Passing RFlags_PassDown flags tells the driver to pass thru the request. This is what we did in the previous sample. Passing RFlags_DenyAccess flags instructs VeeamFSR to fail the IRP with status STATUS_ACCESS_DENIED. The snippet below checks the filename of the open operation and fails it if the name contains Cthon98.txt
[Sniffing writes, sniffiing reads]
Accessing request data is a bit trickier. Dependently on the operation, the data might be available before or after the IRP gets completed. And this is where RF_CallPreHandler and RF_CallPostHandler flags come into play. VeeamFSR provides pre and post handlers for all IRP_MJ_XXX functions and maintains array of RequestFlags enumeration for every opened file. Each entry of the array defines how VeeamFSR should handle the call to the corresponding IRP_MJ_XXX function, no matter was it waited or not. Setting RF_CallPre/PostHandler flag to an entry instructs the driver to execute pre/post handlers for all calls to the function, while setting RFlags_DenyAccess fails all requests. The default value for all functions (except from IRP_MJ_CREATE) is RFlags_PassDown. The default for IRP_MJ_CREATE is RF_Wait.
To sniff writes we have to enable pre operation handler for IRP_MJ_WRITE function. The handler allocates memory in the controller app process, copies the write data to the allocated memory and notifies the app by creating an IRP_MJ_WRITE entry in the shared buffer. Similarly works read sniffing, however it requires post operation handler instead of pre. Note, that in both cases RFlags_PassDown should be ORed with the flags since we want to pass the request down the stack. The following snippet enables read and write sniffing:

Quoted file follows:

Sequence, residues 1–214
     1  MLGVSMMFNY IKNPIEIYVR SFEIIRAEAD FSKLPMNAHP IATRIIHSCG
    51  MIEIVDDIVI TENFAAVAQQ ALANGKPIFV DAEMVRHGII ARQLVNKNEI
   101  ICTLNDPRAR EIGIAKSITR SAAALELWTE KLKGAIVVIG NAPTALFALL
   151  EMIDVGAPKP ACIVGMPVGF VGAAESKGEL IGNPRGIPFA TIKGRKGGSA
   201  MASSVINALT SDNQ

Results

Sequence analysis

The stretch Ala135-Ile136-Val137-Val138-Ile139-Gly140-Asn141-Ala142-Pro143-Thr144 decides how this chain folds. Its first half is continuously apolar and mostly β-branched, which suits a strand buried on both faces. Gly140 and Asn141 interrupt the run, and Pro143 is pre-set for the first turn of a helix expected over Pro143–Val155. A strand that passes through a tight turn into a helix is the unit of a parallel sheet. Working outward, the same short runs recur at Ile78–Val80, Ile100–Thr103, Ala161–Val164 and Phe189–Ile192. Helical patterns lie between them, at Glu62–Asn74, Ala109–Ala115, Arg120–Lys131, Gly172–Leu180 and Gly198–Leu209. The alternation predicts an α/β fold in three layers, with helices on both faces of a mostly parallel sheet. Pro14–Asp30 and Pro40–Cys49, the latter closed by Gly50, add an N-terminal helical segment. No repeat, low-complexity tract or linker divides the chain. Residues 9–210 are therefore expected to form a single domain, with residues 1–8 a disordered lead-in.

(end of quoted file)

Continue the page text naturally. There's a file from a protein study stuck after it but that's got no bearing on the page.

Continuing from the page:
Note that sometimes applications map files to memory instead of reading or writing them, so opening a file in Notepad not always triggers IRP_MJ_READ/WRITE operation.
Yet another delicious feature that VeeamFSR provides namely to Everyone is faking read data. This is what RFlags_CompleteRequest flag intended for. Setting this flag to the 3rd (IRP_MJ_READ) entry of file’s array of flags tells the driver to wait read requests and to map read buffers to the controller app’s address space. The controller app might fill the buffer with fake or modified data and unwait the request passing RFlags_CompleteRequest flag to apply changes. Unwaiting requests with this flag instructs the driver to complete the request with IoCompleteRequest rather than sending it to the actual FS driver. Thus, the controller app can actually fake data of any read operation in the OS. Pure evil, ah? The following snippet fakes the content of AzureDiamond.txt with ‘*’ symbols while the real content of the file is ‘hunter2’ string:
For the sake of simplicity all previous examples monitored c:\tmp folder. What if we want to monitor some higher rank directory, say, system32 or system32\config? Easy as pie, everything written above works for any directory in the OS, you just need to feed the path name to CtlCreateMonitoredFolder function. The screenshot shows the output of monitoring c:\windows\system32 directory:
I didn’t reverse all the pre, post and replace handlers of the driver. It actually handles most, if not all, IRP_MJ_XXX functions giving non-privileged users total control over file system IO requests.
The vendor was notified about the problem about 6 months ago and doesn’t bother to fix it. I guess they don’t care. Full code and the driver binary are available at the repository